Last week’s start to Stoptober was something of a whirlwind. Aside from kicking the cigs for good, I was also faced with a couple of boozy events right from the get-go. Somehow I managed to pull through smoke-free, and the overwhelming emotion was one of relief.
At the start of week two, I didn’t know what to expect. Would it be easier than the first week? Would it be harder? Without all the fanfare of the previous week, would I cave to the cravings without even realising? As I jumped into bed on Sunday night with the same sense of dread I felt seven days earlier, these nagging doubts were at the forefront of my mind.
I’ve gone more than two weeks without cigarettes in the past, but never in such a conscious, documented manner. Here's how round two went.
Monday 8th October
En route to work, there was a guy stood next to me at the bus stop puffing on an e-cigarette, engulfing me in a thick cloud of overly sweet-smelling vapour. Getting lost in the fruity smog was reminiscent of the moment on 90s TV extravaganza Stars in their Eyes when a contestant re-enters the stage amid a plume of smoke, dressed to the nines as some archaic pop star. And, like most of the singing on the show, the experience wasn’t particularly pleasant. I think it’s actually put me off e-cigarettes for good.
Although this inauspicious start to the week left me feeling like it’d be a blue Monday, the rest of the day wasn’t actually too bad. If I’m honest, I think I’m still riding off the high of getting through the previous Saturday’s day of drinking without smoking. I hope this temporary sense of pride doesn’t submit to temptation!
Tuesday 9th October
Although it’s the ninth day of Stoptober, this is actually my tenth day without a cigarette. The average ex-smoker is apparently limited to just two cravings a day by this stage, so my hopes of coming through the month smoke-free were high this morning.
Perhaps I was a little too optimistic. Although I made it through the day without a single craving, today has been one of the toughest days since giving up - both physically and mentally.
After a mostly sleepless night, I’ve been tired beyond belief. I experience bouts of fatigue quite regularly due to my heart condition, so this added layer of sleep deprivation did little to help ease the other uncomfortable effects of quitting.
One such effect is that I’m producing a lot more saliva than I usually do, even though my mouth feels a lot drier. This is one aspect of quitting that I expected to occur, and it’s also one that’s hard to write about: after all, who wants to hear an in-depth analysis of the inner workings of a person’s gob? Not many, I imagine.
On the plus side, I’ve curbed the biscuit addiction at work. That’s probably because they’ve replaced the chocolate bourbons with custard creams: a subpar alternative if you ask me, even if they are quite good for dipping into a cuppa.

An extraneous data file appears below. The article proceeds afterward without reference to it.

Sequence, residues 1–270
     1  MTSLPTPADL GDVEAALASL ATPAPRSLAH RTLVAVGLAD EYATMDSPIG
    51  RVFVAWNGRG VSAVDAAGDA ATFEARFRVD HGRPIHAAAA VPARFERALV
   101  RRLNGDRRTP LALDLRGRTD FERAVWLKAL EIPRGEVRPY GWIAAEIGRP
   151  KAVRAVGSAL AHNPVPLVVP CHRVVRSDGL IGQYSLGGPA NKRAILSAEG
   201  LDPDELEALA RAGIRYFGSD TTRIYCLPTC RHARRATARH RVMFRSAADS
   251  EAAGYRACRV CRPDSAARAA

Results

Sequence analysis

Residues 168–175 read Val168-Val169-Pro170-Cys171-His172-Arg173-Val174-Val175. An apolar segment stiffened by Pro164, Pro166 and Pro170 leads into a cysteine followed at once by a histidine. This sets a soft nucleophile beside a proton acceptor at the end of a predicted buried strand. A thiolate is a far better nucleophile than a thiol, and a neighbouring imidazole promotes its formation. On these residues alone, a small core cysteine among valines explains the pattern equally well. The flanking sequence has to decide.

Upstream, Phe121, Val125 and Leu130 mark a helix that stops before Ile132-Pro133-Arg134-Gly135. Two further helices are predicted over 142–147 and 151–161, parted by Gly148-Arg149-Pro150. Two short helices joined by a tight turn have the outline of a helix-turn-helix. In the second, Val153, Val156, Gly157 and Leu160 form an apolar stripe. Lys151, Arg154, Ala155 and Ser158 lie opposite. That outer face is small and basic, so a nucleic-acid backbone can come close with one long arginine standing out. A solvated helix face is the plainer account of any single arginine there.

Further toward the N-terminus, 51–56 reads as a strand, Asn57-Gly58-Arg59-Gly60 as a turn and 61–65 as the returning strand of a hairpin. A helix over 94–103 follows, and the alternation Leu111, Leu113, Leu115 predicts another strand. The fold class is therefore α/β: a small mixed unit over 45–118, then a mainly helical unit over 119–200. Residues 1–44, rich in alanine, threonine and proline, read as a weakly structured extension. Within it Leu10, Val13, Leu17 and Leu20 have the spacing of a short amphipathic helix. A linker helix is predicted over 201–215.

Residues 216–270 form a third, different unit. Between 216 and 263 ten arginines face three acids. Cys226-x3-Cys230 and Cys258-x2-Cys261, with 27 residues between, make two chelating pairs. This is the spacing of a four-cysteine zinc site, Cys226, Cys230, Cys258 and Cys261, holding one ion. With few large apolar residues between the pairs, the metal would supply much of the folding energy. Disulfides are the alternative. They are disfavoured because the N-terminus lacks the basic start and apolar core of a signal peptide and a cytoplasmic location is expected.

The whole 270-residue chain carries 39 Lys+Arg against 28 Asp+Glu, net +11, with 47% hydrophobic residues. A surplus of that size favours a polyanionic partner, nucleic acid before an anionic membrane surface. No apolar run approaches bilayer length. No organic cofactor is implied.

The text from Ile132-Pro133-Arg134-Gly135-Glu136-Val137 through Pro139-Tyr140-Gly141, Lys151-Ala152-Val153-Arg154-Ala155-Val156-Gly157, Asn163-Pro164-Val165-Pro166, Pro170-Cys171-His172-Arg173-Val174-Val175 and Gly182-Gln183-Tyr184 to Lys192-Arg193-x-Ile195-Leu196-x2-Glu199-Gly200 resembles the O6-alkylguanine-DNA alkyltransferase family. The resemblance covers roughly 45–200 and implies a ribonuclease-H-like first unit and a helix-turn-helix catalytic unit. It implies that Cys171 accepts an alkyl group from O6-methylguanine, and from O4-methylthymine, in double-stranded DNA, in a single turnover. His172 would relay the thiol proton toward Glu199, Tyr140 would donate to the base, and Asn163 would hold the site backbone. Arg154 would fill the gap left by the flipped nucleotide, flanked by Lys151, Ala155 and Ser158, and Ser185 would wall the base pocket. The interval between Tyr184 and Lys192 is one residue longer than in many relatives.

Wednesday 10th October
Like many, I’ve experienced depression in the past, and smoking was always treated as a crutch for those feelings. Today the feelings of withdrawal felt like the beast at its worst: I felt demotivated, my face felt heavy (cracking a smile would have been difficult and earlier on) and my body felt weak. I wanted to smoke but tempered these cravings by reminding myself how disgusting tobacco’s effects on the body are.
To lift my spirits a bit, I went for a couple of after-work drinks with a mate: a smoker who also plans to give up soon. As he took a drag of his cigarette, he made a very astute point about smoking: many of his best memories are associated with it. This resonated with me because it’s invariably the reason why my previous attempts at quitting have always fallen short.
Many of these memories involved alcohol, too, but the cigarettes provided moments of escapism and connection amid the boozy chaos. Countless riveting conversations were had in the smoking areas of many a bar or club, where even the small action of asking someone for a lighter could spark a friendship.
Cigarettes have also been a constant (albeit unhealthy) companion in personal moments of quiet recollection. From watching the world go by during a smoke break at work to having a triumphant cig while observing an inspiring vista on holiday, smoking always seemed to provide a much-needed sense of detachment. In hindsight, this is a naive view: this “companion” is one that will eventually kill you.
Tonight I’ve been browsing the web for ways to find a source of calmness that doesn’t involve destroying the lungs. Pilates sounds pretty enticing (especially considering that I’ve been having constant back pain recently), as does meditation. Better get the mat out.
Thursday 11th October
Despite a better night’s sleep, I still felt tired, grumpy and anxious this morning; as though the progress I’d made so far was at risk of unravelling before me.
To stem the potential onset of severe cravings, I went to buy some Nicorette gum at lunchtime. I opted for the 2mg dosage (which is meant for those who smoke 20 or fewer a day) and expected it to taste like normal gum with a subtle hint of nicotine.
My expectations were wrong. The gum aggravated my throat more than actual cigarettes do, made me feel dizzy, and dampened my resolve. Once nicotine is separated from the act of smoking an actual cigarette, you begin to realise how unpleasant it is to have in your system. For me, a nicotine rush has always been an inevitable by-product of smoking, so it came as quite a shock to experience it suddenly while sat at my desk.